Stanford's nearby Apple store remembers Jobs in Post-it tribute

Ditching their iPads to taking to the streets with their Post-it note pad instead, how Stanford students remembered Steve Jobs.
Written by Zack Whittaker, Contributor

The Apple store on University Avenue, home of Stanford University in Palo Alto, has been inundated with Post-it notes, in true student-style memorial of the late Steve Jobs, who died last week.

Within hours of the news that Steve Jobs had passed away, many had taken to the streets to express their adoration for the Apple co-founder, to share memories and to pay their respects to the man who brought them the products Apple worked so hard to produce.

In the coming days, many had seen poignant galleries of images of gatherers and supporters, consumers and ordinary passing citizens coming together to say their farewells and to mourn the end of an era.

But this one as seen below, points out the essence of how students around the world felt about Jobs as he passed, whether Apple users or otherwise, at the Apple store at the home of computing -- near Silicon Valley and close to the Apple campus -- to remember a man of great influence.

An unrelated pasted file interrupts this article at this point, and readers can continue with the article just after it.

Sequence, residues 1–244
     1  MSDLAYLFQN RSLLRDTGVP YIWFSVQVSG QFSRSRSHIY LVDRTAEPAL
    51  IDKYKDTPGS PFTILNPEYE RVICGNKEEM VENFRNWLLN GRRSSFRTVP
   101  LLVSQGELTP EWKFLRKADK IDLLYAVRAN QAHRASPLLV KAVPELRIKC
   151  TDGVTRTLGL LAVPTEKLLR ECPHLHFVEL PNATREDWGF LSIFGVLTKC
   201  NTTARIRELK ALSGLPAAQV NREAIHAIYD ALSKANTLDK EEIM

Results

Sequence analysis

(Source: Twitter/YFrog via @MadLid)

The Post-it note tribute may not be unique to the University Avenue store. But something resonates quite deeply from display, littered with note-taking and mind-recalling devices; one of the simplest forms of reminder we have.

There is no doubt that almost every student in the Western world has some form of attachment to the legacy that Jobs left behind. From the iMac to the MacBook, down the range of products to the mere iPod shuffle, Apple reached a great deal of the Generation Y; coining the term 'iGeneration' itself based on Apple's product naming.

While not every one of those notes were from students, a good portion will be from neighbouring Stanford University, where Jobs himself gave a commencement speech in 2005. His words still mean something today, with thousands of students at the same graduation ceremony taking on his message with them for life.

A glass window littered with notes of remembrance; from a distance quite a beautiful, multi-coloured display, while up close a concentrated source of words for others to take reflection from.

It's quite something.


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